Old 97’s show review by David Welsh
Sunday, June 26th • Fort Worth Botanic Gardens
Having seen the boys burn down countless niteclubs since we first saw them in Dallas’ Gypsy Tea Room during the 1997 tour behind Too Far To Care, my party of four diehard fans was simultaneously jazzed and jittery. After all, it was a very large outdoor stage in the midst of a record-breaking Texas heat wave in front of several thousand people. And many of those in attendance would be there more for the outdoor-picnic-and-fireworks family-fun atmosphere rather than the experience of irradiation by the musical meltdown that is a 97‘s rock show.
We did have to drag our cooler through an unsettling number of strollers and walkers, but we felt better by the time we made our way to our table near the front of the stage. At least we began sighting the occasional Old 97’s t-shirt and the number of toddlers seemed to drop off. Better yet, there was Murry talking to old classmates from his alma mater in Boyd, Texas—while Ken stood off to the side chatting with fans about the upcoming release of TGTV2. Several cold beverages helped pass the time.
By the time the boys took to the stage shortly before 9:00 PM, the sun was setting and the air was slightly less sweltering. After Murry’s cheery “Hello, everybody!”, the band ignited “The Grand Theatre” and for the next 70 minutes never looked back. The venue’s constraints (fireworks at 10:15) dictated a setlist (see below) shorter than the usual club show. Nearly half the songs were from TGTV1&2, which was just fine for this reviewer.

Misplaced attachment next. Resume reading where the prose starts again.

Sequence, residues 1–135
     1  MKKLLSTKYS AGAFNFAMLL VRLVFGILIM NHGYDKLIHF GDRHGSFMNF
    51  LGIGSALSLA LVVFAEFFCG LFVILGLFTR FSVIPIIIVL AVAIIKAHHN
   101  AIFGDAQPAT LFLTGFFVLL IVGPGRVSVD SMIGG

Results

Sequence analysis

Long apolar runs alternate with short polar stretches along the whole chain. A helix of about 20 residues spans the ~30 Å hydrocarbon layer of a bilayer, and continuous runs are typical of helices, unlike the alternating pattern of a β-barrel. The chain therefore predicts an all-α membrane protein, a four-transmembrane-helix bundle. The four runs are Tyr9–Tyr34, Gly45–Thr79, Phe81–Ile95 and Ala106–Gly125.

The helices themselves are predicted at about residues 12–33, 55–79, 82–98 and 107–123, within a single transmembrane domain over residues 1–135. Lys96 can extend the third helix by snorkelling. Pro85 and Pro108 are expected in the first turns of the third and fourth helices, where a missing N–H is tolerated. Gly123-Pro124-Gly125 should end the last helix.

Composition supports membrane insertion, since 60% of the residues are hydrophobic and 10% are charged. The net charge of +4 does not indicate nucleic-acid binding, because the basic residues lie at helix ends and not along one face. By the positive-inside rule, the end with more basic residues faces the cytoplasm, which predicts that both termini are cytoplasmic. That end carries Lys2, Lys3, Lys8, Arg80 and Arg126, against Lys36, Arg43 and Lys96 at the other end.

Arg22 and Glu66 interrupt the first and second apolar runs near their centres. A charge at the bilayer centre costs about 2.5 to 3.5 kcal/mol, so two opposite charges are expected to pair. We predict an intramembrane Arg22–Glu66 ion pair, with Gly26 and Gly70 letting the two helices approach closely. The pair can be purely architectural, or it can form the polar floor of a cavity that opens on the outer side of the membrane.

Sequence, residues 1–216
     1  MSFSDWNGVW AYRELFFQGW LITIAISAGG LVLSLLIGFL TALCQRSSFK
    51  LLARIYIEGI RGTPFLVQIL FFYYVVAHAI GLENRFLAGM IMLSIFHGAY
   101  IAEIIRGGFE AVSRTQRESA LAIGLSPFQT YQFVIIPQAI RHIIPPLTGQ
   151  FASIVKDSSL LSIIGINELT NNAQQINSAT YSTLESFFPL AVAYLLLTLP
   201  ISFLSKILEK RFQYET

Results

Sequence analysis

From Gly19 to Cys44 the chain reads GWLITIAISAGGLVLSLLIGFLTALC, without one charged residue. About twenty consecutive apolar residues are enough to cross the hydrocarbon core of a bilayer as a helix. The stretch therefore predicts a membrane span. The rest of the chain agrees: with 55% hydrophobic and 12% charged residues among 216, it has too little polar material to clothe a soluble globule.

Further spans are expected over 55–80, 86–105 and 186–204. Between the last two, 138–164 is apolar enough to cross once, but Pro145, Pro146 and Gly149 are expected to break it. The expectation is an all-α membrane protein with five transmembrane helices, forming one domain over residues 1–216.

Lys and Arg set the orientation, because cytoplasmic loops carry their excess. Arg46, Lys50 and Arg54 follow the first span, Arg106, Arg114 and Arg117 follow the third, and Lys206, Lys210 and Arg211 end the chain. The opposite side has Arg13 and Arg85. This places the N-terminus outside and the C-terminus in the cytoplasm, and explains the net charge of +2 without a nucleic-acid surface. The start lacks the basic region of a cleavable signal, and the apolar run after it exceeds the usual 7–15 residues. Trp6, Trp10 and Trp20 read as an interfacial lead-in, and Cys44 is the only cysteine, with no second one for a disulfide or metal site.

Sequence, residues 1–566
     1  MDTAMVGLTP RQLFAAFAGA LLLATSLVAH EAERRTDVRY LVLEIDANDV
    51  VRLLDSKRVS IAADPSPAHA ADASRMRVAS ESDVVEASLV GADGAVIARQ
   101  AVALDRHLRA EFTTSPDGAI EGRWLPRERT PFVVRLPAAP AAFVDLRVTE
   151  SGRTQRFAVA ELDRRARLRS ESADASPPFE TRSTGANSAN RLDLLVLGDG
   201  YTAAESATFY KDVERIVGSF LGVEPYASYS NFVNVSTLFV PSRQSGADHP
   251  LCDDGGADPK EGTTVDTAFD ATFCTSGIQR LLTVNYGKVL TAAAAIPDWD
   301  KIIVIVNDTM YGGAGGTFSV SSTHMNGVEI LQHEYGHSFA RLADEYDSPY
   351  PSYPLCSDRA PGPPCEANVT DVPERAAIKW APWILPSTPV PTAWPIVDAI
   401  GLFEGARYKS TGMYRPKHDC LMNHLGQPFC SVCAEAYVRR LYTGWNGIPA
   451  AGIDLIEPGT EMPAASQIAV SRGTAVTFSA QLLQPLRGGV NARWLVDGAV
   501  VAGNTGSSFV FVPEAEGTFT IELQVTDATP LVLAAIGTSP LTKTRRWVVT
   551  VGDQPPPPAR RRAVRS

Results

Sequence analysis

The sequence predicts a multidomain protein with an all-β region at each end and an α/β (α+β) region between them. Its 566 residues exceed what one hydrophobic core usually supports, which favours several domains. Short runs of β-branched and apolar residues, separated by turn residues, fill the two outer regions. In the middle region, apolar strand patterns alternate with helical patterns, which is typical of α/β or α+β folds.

“Please Hold On” is an incredible showstopper live, and Murry’s rousing “White Port” was an instantly rollicking crowd-pleaser even for those hearing it for the first time ever. Rhett’s reworking of Murry’s “Brown-Haired Daughter” shows just why these two long-time collaborators are the Lennon-McCartney of the Lone Star State. Ken’s tremolo on “Lonely Holiday” positively shimmered, while his honky-tonk licks on the perennial “Question” completely reinvented the usual Rhett solo take. In honor of the literal sunset, we got the lyrical “Sunset”; Murry dedicated “W TX Teardrops”’ to the afore-mentioned high school classmates. And secret-weapon Philip kept the backbeat steady and relentless while sporting a new moustache.
The sound quality was absolutely impeccable and the guys were clearly having a whale of a good time. After twenty years of performing together, it’s astonishing to witness yet another performance every bit as explosive and incendiary as long-time fans have come to expect. It’s hard to know what the general crowd thought. There was not much vocalizing in our section (although my party sang its collective brains out), and no one even stood until near the very end! But for those pilgrims visiting one more time the Temple of Old 97’s, the fireworks illuminating the night sky as the band left the stage were but a pale imitation of the pyrotechnics we had just witnessed. Goodnight everybody!
1. The Grand Theatre
2. A State of Texas
3. She Loves the Sunset
4. Lonely Holiday
5. W TX Teardrops
6. Brown-Haired Daughter
7. Please Hold On While The Train Is Moving
10. Champaign, Illinois
12. White Port
13. Every Night Is Friday Night
14. House That Used To Be
15. Big Brown Eyes
16. Dance With Me